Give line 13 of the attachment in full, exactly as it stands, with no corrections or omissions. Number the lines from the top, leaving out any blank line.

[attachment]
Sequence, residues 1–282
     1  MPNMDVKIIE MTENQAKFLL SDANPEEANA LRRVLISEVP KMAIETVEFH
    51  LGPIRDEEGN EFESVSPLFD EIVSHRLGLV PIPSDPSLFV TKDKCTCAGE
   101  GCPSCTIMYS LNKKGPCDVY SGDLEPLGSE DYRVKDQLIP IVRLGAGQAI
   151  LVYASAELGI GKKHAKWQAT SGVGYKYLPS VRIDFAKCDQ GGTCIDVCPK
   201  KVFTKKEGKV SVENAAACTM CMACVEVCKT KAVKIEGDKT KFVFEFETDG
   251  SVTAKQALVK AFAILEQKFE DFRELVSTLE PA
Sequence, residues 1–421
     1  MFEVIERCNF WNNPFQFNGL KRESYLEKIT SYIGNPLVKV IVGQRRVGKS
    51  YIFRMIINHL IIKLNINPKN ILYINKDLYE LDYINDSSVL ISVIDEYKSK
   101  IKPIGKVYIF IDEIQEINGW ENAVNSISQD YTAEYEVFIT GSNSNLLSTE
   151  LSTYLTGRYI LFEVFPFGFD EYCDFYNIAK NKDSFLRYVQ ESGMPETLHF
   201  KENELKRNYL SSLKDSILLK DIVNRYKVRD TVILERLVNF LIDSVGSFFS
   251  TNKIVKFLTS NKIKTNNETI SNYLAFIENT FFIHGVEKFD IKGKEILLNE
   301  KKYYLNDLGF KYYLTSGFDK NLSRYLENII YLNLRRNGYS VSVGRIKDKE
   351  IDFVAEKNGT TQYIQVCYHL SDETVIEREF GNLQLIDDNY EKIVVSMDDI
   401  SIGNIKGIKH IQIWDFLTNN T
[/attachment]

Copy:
   201  KENELKRNYL SSLKDSILLK DIVNRYKVRD TVILERLVNF LIDSVGSFFS